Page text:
The system of “checks and balances” they devised was an attempt to limit power through its distribution, and to distribute that power as widely as possible, ultimately distributing the power equally among all voting citizens, who were to be the last line of defense against the failure of the branches of government to check one another, and for the states to check federal power. Unfortunately, these checks were inadequate as they did not prevent the rise of factions of citizens pooling economic interests or responding to social fads. And, without clear limits, like a cut-off switch at 138 mph, the various branches of government have failed to check one another in ways the founders intended, but instead have found ways to remove the limits designed into the system based on founding principles. These failures and circumventions are discussed in detail in my book, Life, Liberty, and the Pursuit of Happiness, Version 4.0.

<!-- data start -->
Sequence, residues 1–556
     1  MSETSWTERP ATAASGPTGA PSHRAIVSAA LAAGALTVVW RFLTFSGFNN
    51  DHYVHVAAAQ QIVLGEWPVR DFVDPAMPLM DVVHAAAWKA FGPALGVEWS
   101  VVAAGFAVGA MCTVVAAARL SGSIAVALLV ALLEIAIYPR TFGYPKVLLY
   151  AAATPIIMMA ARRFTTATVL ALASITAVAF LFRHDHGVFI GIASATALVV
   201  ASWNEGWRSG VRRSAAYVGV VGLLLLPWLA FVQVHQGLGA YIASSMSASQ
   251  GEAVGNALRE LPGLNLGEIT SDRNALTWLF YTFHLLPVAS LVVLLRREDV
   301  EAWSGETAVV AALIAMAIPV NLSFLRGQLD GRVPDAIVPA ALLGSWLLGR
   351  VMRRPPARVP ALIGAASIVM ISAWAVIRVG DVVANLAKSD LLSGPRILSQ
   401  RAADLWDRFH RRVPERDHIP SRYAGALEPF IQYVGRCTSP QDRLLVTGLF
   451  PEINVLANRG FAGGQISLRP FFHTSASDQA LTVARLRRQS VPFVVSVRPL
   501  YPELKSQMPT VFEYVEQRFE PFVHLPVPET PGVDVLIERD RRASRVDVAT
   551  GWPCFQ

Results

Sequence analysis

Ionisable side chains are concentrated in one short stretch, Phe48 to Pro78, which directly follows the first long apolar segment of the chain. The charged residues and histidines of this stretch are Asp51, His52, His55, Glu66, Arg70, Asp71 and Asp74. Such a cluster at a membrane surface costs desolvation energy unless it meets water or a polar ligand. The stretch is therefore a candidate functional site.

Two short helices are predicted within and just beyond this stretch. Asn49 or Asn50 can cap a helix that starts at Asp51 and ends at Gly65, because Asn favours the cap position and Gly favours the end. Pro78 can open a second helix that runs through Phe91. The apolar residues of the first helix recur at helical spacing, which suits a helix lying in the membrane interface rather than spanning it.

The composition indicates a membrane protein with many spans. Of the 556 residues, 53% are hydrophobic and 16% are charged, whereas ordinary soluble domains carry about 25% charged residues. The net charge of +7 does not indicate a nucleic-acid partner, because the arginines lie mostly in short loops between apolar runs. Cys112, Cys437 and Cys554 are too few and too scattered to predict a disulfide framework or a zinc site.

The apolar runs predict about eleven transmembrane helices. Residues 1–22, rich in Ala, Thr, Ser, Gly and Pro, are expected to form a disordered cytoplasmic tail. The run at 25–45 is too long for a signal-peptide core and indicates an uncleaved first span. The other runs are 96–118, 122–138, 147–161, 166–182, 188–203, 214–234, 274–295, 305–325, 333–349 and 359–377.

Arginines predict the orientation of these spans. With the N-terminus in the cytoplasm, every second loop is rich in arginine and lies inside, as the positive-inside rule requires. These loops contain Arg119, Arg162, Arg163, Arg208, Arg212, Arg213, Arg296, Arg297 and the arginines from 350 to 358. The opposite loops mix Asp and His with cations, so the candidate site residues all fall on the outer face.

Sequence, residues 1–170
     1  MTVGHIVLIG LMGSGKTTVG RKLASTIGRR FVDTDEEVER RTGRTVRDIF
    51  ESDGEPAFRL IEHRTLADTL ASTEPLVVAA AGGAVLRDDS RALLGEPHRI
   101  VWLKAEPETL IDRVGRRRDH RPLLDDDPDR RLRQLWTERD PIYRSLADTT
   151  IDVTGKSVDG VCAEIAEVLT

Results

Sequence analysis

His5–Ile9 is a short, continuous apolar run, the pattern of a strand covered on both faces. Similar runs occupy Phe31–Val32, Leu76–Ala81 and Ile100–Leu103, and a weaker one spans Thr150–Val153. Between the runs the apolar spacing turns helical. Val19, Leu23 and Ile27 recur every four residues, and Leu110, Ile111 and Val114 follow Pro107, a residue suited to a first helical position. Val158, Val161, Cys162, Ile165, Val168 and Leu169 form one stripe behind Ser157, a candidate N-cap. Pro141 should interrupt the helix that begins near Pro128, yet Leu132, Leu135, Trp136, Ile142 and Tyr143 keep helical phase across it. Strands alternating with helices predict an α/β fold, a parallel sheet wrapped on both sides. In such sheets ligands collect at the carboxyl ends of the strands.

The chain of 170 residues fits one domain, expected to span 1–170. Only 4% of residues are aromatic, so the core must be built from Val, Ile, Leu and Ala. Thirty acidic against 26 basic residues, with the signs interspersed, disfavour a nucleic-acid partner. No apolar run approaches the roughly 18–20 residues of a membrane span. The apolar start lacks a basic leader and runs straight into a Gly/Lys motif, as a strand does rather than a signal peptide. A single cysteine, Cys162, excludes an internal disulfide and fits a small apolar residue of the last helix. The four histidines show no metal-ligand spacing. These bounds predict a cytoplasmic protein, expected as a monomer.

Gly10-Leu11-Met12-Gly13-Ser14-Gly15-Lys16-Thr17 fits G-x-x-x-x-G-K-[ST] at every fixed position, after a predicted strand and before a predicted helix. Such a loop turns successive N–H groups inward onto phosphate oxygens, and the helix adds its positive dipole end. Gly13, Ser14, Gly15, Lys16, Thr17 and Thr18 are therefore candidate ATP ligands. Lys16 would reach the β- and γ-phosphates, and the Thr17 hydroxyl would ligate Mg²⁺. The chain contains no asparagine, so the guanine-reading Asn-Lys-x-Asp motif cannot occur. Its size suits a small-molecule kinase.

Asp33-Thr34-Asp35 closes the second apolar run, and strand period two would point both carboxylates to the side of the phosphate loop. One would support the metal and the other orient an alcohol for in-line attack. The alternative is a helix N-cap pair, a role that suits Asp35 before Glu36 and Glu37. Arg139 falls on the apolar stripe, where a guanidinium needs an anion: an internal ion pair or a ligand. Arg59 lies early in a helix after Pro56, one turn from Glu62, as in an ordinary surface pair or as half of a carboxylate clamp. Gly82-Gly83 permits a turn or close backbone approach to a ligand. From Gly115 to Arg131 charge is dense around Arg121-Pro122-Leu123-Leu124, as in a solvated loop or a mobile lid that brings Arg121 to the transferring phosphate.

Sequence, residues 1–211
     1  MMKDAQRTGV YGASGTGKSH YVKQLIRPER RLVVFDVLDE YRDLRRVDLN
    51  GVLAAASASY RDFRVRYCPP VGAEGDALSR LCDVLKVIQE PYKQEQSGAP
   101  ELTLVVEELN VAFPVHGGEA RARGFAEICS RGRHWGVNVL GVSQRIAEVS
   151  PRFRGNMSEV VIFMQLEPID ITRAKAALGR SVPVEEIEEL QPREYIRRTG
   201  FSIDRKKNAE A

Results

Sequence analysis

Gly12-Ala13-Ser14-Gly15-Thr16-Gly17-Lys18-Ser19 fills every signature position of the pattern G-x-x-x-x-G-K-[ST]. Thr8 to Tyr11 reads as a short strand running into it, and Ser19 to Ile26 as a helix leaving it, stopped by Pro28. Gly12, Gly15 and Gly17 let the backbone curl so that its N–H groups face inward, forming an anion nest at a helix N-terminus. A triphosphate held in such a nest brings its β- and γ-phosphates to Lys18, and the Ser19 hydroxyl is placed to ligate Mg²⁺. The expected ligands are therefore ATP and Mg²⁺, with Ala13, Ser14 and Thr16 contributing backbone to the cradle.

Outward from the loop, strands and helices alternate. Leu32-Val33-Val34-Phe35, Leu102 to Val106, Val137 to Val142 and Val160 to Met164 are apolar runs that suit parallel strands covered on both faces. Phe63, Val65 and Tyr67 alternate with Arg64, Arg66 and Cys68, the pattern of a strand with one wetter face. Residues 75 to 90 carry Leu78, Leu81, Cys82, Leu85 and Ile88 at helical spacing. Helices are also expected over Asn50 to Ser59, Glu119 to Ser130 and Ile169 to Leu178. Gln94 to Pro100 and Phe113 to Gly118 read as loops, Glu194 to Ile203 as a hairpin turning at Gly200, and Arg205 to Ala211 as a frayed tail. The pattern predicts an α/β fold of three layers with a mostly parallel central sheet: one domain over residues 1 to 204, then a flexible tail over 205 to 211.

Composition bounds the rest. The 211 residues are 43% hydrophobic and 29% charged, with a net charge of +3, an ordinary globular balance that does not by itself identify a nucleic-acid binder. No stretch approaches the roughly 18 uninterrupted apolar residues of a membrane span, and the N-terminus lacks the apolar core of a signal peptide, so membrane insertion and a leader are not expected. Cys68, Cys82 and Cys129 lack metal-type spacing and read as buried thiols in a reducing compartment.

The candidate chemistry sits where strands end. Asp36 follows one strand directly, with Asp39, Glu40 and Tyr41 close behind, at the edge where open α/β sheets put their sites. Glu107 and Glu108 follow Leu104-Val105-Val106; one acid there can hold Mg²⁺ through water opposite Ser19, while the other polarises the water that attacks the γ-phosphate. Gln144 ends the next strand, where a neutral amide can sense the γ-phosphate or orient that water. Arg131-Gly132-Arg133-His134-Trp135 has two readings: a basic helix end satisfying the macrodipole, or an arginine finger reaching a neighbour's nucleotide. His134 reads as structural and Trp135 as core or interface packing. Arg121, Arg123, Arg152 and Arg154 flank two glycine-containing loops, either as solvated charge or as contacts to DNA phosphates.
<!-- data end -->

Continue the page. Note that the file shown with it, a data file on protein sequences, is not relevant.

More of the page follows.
The market as natural feedback
In the market, the “law of supply and demand” is a natural mechanism that raises and lowers prices of goods depending upon supply and demand. In perfectly competitive markets there are no sales without feedback. A seller will not be able to sell his product unless his price is set at the level buyers are willing to pay. Simply because he controls ownership of a product, the seller is unable to make any sales or profits unless he is aware of market prices, which are a form of natural feedback.